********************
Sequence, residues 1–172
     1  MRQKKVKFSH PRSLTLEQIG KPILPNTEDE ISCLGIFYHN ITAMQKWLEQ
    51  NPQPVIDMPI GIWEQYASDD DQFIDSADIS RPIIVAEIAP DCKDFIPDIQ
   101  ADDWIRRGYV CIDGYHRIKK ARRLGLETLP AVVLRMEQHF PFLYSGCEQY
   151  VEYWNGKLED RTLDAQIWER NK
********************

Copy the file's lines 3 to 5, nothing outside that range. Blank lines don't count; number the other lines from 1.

    51  NPQPVIDMPI GIWEQYASDD DQFIDSADIS RPIIVAEIAP DCKDFIPDIQ
   101  ADDWIRRGYV CIDGYHRIKK ARRLGLETLP AVVLRMEQHF PFLYSGCEQY
   151  VEYWNGKLED RTLDAQIWER NK